Federal courts consider several factors when they decide whether the fees charged by an expert witness are reasonable. Those factors include: (1) the expert’s area of expertise; (2) the education and training required to provide the expert insight that is sought; (3) the prevailing rates of other comparably respected available experts; (4) the nature, quality, and complexity of the discovery responses provided; (5) the fee actually being charged to the party that retained the expert; and (6) fees traditionally charged by the expert on related matters.
When both parties employ experts, the court may compare the fees charged by the competing experts as a guide to reasonableness. However, when one expert has stronger credentials or more experience than the other, it isn’t unreasonable for the more qualified expert to charge a higher fee.
The reasonableness of an expert’s fee depends not just on the expert’s hourly rate, but also on the number of hours that the expert bills. Courts generally recognize that an expert must prepare to testify in a deposition. Courts will often agree that it is reasonable for an expert to spend two to three hours preparing for each hour spent testifying.
The time it takes to prepare an expert report is a function of the complexity of the case. When the expert is not required to do extensive research and the facts are simple, the reasonable time to prepare a report will be less than the time required to draft a report in a more complicated case. There is no rule of thumb that helps experts determine the reasonableness of a total fee. As a general rule, if the expert works efficiently and charges a customary hourly rate, the expert’s fee will be reasonable.
Hourly Rate vs. Flat Fee
Most experts charge an hourly rate. Some experts charge a flat fee. Fee agreements might also combine the two forms of payment. An expert might charge an engagement fee that locks in the expert so that the expert cannot be hired by another party. Engagement fees are a fixed sum of money, but they are often treated as retainers.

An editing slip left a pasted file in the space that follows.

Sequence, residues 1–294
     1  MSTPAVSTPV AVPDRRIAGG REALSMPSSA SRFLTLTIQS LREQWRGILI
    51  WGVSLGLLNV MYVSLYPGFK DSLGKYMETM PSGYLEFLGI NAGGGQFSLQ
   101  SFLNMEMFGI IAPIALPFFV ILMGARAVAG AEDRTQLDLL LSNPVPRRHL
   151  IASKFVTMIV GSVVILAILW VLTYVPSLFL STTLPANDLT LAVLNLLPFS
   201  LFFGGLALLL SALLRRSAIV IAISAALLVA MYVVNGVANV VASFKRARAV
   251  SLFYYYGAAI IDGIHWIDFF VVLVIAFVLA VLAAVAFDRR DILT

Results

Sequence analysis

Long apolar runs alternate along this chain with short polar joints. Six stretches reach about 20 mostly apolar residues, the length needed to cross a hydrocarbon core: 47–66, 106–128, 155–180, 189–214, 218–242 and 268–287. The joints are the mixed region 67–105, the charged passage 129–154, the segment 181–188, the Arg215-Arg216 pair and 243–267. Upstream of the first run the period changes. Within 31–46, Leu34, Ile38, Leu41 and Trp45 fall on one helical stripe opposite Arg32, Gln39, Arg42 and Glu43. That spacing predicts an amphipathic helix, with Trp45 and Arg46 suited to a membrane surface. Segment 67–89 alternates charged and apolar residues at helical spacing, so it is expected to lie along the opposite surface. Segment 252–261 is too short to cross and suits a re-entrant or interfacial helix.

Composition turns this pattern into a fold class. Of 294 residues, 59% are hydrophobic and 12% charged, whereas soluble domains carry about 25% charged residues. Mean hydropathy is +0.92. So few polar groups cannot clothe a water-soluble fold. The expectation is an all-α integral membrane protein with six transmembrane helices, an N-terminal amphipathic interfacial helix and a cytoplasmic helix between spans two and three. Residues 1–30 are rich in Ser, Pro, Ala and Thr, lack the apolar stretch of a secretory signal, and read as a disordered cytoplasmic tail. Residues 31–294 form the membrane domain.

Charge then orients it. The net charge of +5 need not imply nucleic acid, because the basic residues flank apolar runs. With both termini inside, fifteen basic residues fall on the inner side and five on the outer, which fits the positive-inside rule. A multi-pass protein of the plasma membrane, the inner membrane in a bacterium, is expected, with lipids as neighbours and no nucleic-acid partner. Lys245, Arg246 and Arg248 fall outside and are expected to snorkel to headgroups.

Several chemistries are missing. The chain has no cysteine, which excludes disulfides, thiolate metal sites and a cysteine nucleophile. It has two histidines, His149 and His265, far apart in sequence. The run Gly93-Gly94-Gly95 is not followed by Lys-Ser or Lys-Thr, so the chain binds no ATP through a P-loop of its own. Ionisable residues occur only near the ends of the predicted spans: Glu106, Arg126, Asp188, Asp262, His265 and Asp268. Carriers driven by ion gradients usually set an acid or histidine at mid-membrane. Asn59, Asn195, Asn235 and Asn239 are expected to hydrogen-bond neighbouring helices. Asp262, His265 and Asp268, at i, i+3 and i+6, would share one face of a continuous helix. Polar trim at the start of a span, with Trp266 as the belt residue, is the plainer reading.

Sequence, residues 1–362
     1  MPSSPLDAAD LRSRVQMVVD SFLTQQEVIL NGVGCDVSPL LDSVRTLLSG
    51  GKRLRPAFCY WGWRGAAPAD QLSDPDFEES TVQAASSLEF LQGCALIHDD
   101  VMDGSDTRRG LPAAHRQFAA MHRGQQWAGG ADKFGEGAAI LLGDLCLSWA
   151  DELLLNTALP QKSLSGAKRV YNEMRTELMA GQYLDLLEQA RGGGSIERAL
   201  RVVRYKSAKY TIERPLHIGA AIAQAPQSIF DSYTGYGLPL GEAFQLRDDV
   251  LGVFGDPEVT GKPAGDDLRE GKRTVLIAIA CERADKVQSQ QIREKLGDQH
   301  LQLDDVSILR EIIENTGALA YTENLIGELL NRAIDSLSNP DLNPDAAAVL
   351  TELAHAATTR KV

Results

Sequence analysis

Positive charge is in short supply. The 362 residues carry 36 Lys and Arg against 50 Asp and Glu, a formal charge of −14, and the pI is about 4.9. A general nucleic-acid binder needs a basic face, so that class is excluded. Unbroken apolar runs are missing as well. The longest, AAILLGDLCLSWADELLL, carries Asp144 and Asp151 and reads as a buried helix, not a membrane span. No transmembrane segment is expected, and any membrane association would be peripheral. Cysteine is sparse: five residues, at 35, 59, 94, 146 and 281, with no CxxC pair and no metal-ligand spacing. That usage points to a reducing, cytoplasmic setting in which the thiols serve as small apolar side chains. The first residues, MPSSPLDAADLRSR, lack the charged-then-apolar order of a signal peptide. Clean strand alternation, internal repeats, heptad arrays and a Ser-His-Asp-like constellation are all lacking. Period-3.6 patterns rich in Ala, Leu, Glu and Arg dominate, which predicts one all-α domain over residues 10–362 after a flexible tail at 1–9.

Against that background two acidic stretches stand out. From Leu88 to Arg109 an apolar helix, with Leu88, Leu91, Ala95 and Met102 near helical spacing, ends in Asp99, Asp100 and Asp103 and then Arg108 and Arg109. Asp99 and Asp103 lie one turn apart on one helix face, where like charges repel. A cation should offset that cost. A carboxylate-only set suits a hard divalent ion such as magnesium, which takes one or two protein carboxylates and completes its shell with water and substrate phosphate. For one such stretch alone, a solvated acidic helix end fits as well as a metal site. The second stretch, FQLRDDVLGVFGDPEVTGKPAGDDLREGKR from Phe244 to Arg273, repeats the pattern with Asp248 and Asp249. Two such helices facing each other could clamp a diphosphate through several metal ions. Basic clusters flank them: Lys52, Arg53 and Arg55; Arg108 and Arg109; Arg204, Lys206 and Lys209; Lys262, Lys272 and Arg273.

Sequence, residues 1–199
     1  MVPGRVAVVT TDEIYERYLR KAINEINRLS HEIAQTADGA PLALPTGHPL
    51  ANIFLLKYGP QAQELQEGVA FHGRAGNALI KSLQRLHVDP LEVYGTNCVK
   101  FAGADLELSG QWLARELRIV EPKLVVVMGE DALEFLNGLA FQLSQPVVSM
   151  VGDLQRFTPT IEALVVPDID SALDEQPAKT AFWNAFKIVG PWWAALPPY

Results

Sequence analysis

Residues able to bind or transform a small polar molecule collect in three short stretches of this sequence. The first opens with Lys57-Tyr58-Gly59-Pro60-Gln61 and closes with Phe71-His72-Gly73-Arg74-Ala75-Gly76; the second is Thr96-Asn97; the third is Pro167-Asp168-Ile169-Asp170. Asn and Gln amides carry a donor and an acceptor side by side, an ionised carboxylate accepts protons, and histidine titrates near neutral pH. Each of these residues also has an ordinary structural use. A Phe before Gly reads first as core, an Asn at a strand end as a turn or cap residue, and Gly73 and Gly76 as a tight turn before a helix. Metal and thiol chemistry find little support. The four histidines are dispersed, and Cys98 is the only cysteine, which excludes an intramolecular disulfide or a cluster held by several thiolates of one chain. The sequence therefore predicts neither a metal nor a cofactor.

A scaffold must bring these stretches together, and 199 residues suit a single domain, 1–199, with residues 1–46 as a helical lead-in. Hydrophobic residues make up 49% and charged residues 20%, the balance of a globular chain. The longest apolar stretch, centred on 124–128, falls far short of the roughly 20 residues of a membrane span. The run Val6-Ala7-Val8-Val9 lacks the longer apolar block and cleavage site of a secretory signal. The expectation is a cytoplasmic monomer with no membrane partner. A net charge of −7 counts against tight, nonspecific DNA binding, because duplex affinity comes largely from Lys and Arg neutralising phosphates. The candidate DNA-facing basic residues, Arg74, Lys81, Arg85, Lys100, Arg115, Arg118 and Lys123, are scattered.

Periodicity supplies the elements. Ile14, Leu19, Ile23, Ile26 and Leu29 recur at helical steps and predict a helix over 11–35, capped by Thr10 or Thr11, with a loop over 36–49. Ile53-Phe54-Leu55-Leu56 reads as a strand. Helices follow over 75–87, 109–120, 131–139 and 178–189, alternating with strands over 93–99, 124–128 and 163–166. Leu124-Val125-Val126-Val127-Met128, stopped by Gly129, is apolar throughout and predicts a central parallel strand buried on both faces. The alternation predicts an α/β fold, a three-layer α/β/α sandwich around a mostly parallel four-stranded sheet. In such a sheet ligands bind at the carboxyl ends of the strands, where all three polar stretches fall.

An expert who charges an hourly rate might credit a lawyer with an advance payment for the hours covered by an engagement fee. However, experts often require an engagement fee to be nonrefundable, treating the engagement fee as the minimum fee that will be charged for the expert’s work.
Flat fees are often charged per task. For example, an expert might charge a flat rate for each day (or half day) of trial testimony or for each day (or half day) of deposition testimony, regardless of the length of time that the expert testifies.
Some experts offer services pursuant to a hybrid fee agreement. They charge hourly rates to review documents, meet with lawyers, perform the work needed to reach an opinion, and write a report. They then charge a flat fee to testify.
Lawyers cannot pay an expert witness a fee that is contingent upon the trial’s outcome. Even if the lawyer has agreed to accept a contingent fee in a personal injury case, the lawyer cannot enter into a contingent fee agreement with an expert witness.
Courts and the authorities who regulate lawyers fear that expert witnesses will slant their testimony to favor a party if their payment is contingent upon the party obtaining a favorable verdict. Since the court system benefits from honest experts, it disallows contingent fees for the same reason that it prohibits lawyers from paying unreasonable fees. The judicial system discourages any fee arrangement that creates a strong incentive to testify falsely.